At 04:02 PM 11/21/01 +0300, ElectronTrade (info) wrote:
>Thank you very much for explanation. But I asked about other.

Well, I was laying a foundation, aware that there may be complications.

>I have gate on first list. One input connected to bus via wire with
>netlabel. This net (with netlabel) is going out bus on other side of 
>schematic and
>connected to port. Port has same name with netlabel. On second list
>this port connected with resistor.

Let's see if I have got this right. There are quite a few scenarios that 
might be described as Mr. Potapoff described it. So I will start with what 
I think is the simplest representation of what he wrote, I hope it is 
w = wire, e = bus entry, b = bus "wire".

On one sheet:

(gate pin)www[NETLABEL/net1]wwweeebbbbb/(BUSLABEL/net[1..8])bbb


This will not work. A port does not automatically connect to a named net. 
there are good reasons for this as you will understand if you realize that 
ports exist precisely because we want to avoid dependence on net names on a 

But perhaps this is not what Mr. Potapoff meant. In any case, this works 
for me:

On the lower sheet:

(gate pin)www[NETLABEL/net1]www


To make it clear, this would *also* produce the same connectivity (with the 
same connectivity scope, Ports and Sheet Symbol Connections):

(gate pin)www[NETLABEL/data1]www


Similar requirements exist for connections to sheet entries.

What is connected to the sheet entry or port translates net names from 
sheet level to inter-sheet level (i.e., the port name). In the second 
example that works, the name data1 is picked up by the bus label data[1..8] 
and then this is translated to port net[1..8] by the fact that the latter 
is directly connected to the bus label.

This is an exception to the rule that bus lines are graphical only.

However, there is no need for any additional bus lines. In fact no bus line 
is necessary if the bus label's hot spot is on the sheet entry or port's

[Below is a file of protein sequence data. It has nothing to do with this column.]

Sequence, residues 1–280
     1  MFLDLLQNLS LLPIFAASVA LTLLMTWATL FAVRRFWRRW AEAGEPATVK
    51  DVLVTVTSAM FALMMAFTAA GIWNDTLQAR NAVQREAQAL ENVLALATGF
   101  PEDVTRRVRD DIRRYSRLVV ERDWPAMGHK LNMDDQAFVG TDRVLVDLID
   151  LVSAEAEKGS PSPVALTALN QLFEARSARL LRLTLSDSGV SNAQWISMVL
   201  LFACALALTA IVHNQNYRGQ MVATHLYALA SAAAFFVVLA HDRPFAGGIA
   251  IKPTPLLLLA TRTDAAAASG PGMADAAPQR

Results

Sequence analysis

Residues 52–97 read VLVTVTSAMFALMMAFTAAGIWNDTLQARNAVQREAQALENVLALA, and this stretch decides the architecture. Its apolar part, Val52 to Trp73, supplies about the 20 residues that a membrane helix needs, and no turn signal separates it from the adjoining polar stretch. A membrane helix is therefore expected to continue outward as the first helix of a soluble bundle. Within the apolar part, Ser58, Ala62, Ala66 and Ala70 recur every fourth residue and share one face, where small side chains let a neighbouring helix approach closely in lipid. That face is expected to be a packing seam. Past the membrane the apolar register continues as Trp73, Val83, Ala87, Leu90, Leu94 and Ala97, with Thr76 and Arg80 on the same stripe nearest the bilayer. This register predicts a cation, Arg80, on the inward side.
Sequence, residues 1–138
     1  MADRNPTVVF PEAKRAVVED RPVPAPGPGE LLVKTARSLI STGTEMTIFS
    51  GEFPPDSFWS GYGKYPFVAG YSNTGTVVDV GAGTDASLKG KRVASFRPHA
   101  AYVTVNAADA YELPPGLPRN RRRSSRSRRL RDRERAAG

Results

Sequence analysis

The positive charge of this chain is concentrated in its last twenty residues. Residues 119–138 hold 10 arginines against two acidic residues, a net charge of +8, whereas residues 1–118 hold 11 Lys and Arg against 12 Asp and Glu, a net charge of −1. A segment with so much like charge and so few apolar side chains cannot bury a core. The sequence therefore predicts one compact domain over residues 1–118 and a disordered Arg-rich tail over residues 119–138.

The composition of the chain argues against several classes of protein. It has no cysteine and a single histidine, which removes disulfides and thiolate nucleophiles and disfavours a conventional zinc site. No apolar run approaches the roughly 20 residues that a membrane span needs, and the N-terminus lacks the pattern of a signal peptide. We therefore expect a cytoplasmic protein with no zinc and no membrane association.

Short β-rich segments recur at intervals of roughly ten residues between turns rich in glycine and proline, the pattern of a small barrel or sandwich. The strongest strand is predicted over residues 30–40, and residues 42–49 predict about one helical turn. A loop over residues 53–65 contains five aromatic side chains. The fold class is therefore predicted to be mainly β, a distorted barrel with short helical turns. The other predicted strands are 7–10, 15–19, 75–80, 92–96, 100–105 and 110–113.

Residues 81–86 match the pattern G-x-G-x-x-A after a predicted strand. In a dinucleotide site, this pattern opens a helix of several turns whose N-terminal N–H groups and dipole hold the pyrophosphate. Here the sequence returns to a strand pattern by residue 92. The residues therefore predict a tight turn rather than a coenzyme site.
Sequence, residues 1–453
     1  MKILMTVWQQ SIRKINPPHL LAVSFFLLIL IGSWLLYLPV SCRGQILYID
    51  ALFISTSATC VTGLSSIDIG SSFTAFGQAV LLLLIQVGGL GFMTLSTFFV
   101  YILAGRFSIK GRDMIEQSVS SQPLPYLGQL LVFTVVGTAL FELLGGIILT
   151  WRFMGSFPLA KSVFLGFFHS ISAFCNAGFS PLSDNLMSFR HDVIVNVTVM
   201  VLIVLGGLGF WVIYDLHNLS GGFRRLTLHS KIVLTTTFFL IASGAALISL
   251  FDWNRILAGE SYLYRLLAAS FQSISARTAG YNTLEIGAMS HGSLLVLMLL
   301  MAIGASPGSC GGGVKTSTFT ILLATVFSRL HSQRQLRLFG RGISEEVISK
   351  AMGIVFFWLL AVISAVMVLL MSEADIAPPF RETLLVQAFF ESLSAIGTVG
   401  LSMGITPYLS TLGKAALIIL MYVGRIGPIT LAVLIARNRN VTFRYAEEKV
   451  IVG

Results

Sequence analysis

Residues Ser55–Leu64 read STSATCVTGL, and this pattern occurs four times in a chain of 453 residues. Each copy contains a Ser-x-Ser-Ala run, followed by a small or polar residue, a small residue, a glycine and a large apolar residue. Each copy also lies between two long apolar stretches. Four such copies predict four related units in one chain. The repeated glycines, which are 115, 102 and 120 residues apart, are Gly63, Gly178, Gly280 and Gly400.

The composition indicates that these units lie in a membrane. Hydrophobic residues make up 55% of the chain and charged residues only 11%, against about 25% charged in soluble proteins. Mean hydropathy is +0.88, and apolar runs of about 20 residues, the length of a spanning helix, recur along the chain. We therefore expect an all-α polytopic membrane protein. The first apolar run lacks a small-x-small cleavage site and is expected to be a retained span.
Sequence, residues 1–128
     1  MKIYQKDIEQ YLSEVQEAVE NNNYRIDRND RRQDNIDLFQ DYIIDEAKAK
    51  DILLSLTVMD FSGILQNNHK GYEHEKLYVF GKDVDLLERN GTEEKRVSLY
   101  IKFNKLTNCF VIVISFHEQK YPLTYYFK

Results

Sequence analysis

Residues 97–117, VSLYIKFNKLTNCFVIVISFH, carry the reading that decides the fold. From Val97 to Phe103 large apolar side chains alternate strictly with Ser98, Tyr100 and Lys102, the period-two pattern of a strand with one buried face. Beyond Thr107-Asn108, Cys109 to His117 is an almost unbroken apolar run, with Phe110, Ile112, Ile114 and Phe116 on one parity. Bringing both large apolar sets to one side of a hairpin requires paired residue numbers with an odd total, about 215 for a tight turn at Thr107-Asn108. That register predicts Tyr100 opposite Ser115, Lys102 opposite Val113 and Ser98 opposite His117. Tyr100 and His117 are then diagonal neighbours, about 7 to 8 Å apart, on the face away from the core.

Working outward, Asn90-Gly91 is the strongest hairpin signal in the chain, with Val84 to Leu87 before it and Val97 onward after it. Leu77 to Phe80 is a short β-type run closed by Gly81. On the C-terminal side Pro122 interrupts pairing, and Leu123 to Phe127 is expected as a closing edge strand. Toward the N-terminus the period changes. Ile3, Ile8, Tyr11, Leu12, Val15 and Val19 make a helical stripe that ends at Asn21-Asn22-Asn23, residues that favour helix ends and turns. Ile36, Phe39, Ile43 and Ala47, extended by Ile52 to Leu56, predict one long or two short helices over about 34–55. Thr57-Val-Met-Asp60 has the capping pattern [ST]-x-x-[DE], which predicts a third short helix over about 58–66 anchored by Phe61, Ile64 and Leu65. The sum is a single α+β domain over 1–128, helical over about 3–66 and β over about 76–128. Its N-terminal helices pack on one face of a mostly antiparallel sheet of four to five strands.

hot spot (just as is true with pins and net labels.)

Note that the net will be named in the net list according to the name it 
has internally on the highest level of the hierarchy where it is present, 
unless it has no name on that level, in which case it will be assigned a 
unique generic name (like Net00001 or I forget what Protel specifically 
does). It will *not* be assigned a name from a lower level and it will not 
be assigned the port name. If you want to control the naming of nets in a 
hierarchical schematic with port/sheet symbol connectivity, give the net 
its name on the highest level.

I urge readers to carefully read this, to experiment with a simple 
schematic as I did, and try to understand the matter thoroughly; I put a 
resistor on one blank schematic, connected wires and net labels net1 and 
net2 to it, then I created a sheet symbol for it on another schematic, 
which is now by definition higher level, and placed another resistor on 
that sheet with net labels net1 and net2. This will not accomplish 
connection, as you will quickly find if you run ERC from the higher level.

To get this to connect, I found that it was necessary to have a bus symbol 
directly connected to the port or sheet symbol. Once the bus symbol existed 
and was connected, it established connectivity for all its member nets.

If you wait to understand this until you are faced with a persistent ERC 
error that will not go away, and the schematic is complex, you will have a 
much harder time.

I have been confused about this many times, but by trial and error I found 
ways to make it work, I had learned that the direct bus connection to the 
port symbol was necessary. But not until now had I understood the true and 
necessary logic behind it. Port/Sheet Symbol connectivity *must* rename 
nets, and therefore the names alone don't establish connection. We might 
think that a Port named Data[1..2] would automatically connect to net 
labels Data1 and Data2 or to bus label Data[1..2], but it doesn't. It 
doesn't because we want to control the name translation by how we connect 
the Port.

I'm not sure I have ever seen this explanation before.

(One tiny bit of potential confusion: Buses are labeled with "Net Labels.")

In any case, I thank Mr. Potapoff, one of our esteemed Russian colleagues, 
for persistently asking the question. I hope that I answered it. If not, at 
least some heat and light were created.

Abdulrahman Lomax
Easthampton, Massachusetts USA

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